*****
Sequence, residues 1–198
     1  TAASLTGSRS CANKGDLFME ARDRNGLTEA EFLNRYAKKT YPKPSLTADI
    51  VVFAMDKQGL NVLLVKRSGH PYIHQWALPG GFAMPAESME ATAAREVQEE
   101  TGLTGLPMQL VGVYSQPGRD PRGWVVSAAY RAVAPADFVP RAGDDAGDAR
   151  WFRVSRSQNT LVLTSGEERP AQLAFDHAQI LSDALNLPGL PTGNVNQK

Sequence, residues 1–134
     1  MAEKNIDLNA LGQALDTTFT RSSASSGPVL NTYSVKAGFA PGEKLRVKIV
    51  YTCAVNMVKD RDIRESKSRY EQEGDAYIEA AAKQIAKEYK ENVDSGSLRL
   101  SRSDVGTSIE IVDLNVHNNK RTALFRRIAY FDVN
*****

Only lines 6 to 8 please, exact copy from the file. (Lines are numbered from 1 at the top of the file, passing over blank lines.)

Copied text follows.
Sequence, residues 1–134
     1  MAEKNIDLNA LGQALDTTFT RSSASSGPVL NTYSVKAGFA PGEKLRVKIV
    51  YTCAVNMVKD RDIRESKSRY EQEGDAYIEA AAKQIAKEYK ENVDSGSLRL